The final significant contributor to a wasted and inefficient marketing spend that I’d like to deal with in this post is the misallocation of resources. So, you bought a good strategy from a competent marketing consultant and now you’d like to bring on board the resources necessary to implement it.
You used to have two choices, neither of them optimal.
The first is to hand the strategy over to a large integrated agency that offers most of the services the strategy says you need. This is a tempting option because you gain a one-stop shop that, practically by definition, should make sure that everything works together. The problem is, it’s a rare agency indeed that will offer everything you need doing, and rarer still the agency that is equally good at everything it does offer. So you’re going to forego some elements entirely, and settle for less-than-best on a couple of others. Plus, you’re going to pay the large overheads that most agencies must factor into their price structures and, because no marketer really wants to implement someone else’s plan, they’ll probably charge you to redo the strategy. This is a bad deal for most young, resource-constrained technology companies.
The other alternative that appeals in this situation is to hire in a marketing generalist, usually someone junior and affordable, to do a lot of the stuff that needs doing. Compared with the cost of outsourcing, this can be a really tempting option, but it’s generally an illusion. As a young company, you need rather small amounts of a rather large number of different, often incompatible skills. Most of the strategies and plans we’re writing these days call for a diverse array of skills including writing, design, audio-visual production, content marketing, SEO, product management and marketing, web metrics, social media, technical writing, trade show and events organizing, sales funnel and sales automation management, project management, vendor relations, media relations, research, big data … I could go on at length. Finding more than one or two of those necessary skills in a single person is unheard of, meaning that your hire will excel in a couple of areas but will waste most of what you budget elsewhere.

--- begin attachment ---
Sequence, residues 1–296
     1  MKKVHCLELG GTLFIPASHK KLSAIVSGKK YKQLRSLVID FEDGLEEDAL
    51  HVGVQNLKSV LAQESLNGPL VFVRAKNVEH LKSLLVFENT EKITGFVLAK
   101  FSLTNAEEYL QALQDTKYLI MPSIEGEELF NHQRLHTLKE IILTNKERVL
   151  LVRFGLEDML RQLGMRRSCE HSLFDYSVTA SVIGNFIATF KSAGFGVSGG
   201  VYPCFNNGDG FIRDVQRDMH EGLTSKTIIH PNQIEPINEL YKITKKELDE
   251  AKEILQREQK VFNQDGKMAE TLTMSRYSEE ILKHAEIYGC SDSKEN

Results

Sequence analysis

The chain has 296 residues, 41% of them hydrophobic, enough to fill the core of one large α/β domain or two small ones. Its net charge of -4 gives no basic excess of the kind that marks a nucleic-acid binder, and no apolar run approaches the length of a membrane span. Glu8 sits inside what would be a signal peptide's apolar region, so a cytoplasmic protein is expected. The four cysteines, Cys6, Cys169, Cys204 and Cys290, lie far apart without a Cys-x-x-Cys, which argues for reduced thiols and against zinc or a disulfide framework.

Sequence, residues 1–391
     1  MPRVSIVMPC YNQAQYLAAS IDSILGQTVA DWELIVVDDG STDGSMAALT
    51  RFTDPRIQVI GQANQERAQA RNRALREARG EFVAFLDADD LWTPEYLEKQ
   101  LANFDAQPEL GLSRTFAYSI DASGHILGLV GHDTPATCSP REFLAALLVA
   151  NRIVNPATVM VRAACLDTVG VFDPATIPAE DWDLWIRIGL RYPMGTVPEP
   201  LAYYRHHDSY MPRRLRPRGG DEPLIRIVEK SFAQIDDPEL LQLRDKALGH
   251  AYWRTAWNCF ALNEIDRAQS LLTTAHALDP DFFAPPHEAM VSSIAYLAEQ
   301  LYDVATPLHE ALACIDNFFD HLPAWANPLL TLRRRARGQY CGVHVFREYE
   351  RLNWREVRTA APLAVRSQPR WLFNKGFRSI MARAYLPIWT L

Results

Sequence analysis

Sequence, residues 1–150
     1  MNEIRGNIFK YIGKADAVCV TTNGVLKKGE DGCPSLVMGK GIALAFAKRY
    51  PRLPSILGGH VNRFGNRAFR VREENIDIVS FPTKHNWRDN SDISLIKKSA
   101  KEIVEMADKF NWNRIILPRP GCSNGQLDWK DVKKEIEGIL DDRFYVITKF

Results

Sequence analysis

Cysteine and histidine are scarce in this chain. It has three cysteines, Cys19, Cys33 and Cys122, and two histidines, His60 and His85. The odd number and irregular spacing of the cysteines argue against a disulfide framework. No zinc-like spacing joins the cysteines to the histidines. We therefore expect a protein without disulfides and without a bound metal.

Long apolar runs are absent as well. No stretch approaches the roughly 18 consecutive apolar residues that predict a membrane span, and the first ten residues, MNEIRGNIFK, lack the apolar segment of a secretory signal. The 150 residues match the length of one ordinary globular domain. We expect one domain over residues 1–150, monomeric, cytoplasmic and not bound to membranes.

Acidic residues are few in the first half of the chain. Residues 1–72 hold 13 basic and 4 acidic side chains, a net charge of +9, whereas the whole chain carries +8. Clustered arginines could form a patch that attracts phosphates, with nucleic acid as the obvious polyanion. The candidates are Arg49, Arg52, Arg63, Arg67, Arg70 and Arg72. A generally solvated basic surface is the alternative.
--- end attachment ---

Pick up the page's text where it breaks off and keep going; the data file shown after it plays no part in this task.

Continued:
Nobody has more money than is needed to do marketing properly. So it is absolutely critical that not a single dollar be wasted. This means you first need a coherent strategy, and then the most effective and efficient implementation of that strategy.
We have developed what we think is an effective and efficient solution to this problem, and encourage you to contact us if you’d like to hear more about it.
But first, we’d like to hear from you.
How are you bridging the gap between strategy and implementation to ensure everyone is kept on strategy, on message and on target?
How else are companies wasting or spending poorly the already-inadequate sums they manage to set aside for marketing?
Do you have any case studies that you’d like to share of this problem occurring in small companies?
Francis Moran and Associates is an associated team of seasoned practitioners of a number of different marketing disciplines, all of whom share a passion for technology and a proven record of driving revenue growth in markets across the globe. We work with B2B technology companies of all sizes and at every life stage and can engage as individuals or as a full team to provide quick counsel, a complete marketing strategy or the ongoing hands-on input of a virtual chief marketing officer.